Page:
I’m certainly no expert on lightning, so I am holding my hands up and admitting that the next couple of paragraphs are at least 73.87% speculation on my part, but I’m not entirely convinced by this idea. Let’s, for a start, write off all the supposed photographs of ball lightning. I’m fairly certain you can’t photograph a hallucination, but you can do some remarkable things with photoshop, and other phenomena like St. Elmo’s Fire can be mistaken for ball lightning. Let’s also ignore all those reports coming from groups of people who all claim to have seen the same instance of ball lightning. Social pressure and the desire to conform can cause people to say all sorts of things. So far, no solid evidence that ball lightning even exists, suggesting the hallucinations idea is actually quite plausible. But there are a couple of things that bother me about it. Firstly, the remarkable consistency in descriptions of ball lightning. As far as I have been able to find out, there don’t seem to be reports of lines, or squares, or lights of different colours. Always a glowing, sometimes moving orb. This seems quite bizarre to me, as such consistent effects would surely require a really focused, specific region of effect of the magnetic field. We might expect that a generalised magnetic field could affect any number of brain regions, causing all sorts of different effects. Not only might we expect a wider variety of visual hallucinations, but we might also expect to hear unusual sounds, or experience twitching of the limbs like I described above.
Secondly – though this is related to the first point – the fact that people seem to be able to choose to watch this lightning. Our visual cortex is mapped out in a similar way to our retina, such that picking a particular point on the visual cortex is like picking out a corresponding point in the visual field. If the perception of ball lightning really were a result of abnormal brain activity, we might expect that this ball lightning would stay firmly in the same part of our visual field. What I mean by this is that if the induced activity were in a part of the brain that corresponded to the left half of the visual field, it wouldn’t matter how far left we tried to look, the image would remain to the left of our point of focus. If you’ve ever suffered a visual aura, you’ll understand what I mean by this. It should also be perceptible with the eyes closed. I have no idea if this has been documented either way though.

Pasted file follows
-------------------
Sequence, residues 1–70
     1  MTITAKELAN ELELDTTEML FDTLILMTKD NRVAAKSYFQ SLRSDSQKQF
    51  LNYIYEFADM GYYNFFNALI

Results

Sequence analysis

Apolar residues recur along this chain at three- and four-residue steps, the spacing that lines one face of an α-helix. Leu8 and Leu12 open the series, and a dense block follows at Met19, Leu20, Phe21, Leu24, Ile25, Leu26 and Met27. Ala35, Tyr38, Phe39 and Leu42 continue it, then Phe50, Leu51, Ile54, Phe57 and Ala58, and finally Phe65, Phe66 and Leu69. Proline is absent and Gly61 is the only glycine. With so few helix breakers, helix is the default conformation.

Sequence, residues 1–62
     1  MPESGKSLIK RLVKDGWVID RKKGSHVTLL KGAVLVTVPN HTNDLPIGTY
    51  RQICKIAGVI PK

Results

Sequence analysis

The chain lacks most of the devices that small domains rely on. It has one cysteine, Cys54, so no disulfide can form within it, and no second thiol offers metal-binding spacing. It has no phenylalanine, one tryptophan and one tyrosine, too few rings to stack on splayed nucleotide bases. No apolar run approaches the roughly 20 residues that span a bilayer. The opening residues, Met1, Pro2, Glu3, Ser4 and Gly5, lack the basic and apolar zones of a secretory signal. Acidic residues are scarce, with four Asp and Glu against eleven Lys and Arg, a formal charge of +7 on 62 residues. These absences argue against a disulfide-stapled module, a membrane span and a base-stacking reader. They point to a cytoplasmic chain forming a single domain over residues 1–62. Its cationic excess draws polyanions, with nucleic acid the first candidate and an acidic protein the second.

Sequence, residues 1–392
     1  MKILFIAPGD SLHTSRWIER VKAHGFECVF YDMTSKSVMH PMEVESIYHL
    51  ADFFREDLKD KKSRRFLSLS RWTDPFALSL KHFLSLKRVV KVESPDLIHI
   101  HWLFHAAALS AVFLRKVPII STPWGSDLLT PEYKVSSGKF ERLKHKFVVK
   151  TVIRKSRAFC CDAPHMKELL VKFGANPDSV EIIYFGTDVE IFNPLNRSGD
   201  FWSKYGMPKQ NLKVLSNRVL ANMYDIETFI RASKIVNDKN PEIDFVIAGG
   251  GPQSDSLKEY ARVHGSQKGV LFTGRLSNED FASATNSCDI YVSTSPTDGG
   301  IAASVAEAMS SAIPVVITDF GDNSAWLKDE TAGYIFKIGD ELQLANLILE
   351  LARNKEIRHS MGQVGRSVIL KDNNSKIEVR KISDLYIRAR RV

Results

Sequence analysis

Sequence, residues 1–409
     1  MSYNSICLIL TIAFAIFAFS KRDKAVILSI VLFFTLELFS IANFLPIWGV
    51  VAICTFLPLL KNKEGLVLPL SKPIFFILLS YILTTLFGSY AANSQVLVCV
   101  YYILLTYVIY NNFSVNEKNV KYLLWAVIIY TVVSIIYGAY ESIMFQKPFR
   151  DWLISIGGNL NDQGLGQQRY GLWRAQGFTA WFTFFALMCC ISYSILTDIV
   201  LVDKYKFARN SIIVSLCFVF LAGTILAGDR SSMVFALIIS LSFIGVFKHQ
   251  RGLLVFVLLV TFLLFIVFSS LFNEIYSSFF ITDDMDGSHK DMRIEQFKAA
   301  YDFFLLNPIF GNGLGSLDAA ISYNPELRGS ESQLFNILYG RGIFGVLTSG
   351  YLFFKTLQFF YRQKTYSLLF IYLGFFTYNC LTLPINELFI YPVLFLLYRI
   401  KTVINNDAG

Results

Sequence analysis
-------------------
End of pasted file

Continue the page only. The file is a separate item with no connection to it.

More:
Finally, the authors themselves suggest that only around half of all instances of ball lightning might be explained by this type of hallucination. Which not only leaves the obvious question of what is causing the others – but also the question of the quite astounding coincidence that hallucination-ball lightning would result in the same visual experience as non-hallucination-ball lightning. The reports just seem to consistent to be able to draw a divide between those instances that are likely to be hallucinations, and those that aren’t.
Given that ball lightning has effectively defied explanation for centuries, far be it from me to undermine what might be a really strong theory. Of course, I only really know about the brain stuff, so my questions about this idea might be totally misguided. I don’t know much about lightning or electromagnetic induction. I think this highlights why it’s really important for scientists of different disciplines to collaborate and debate more; it’s only then that the really interesting ideas and discussions come about. So on that note, if anyone has any more ideas about this, or has any response to the questions I’ve raised, I’d be really interested to hear them, and please feel free to leave comments below!
* This has actually been suggested in the past by Cooray and Cooray, 2008; paper available here, though the paper doesn’t appear to have been cited, and I couldn’t even find the (obscure) journal’s impact factor.
** Usually. There are exceptions.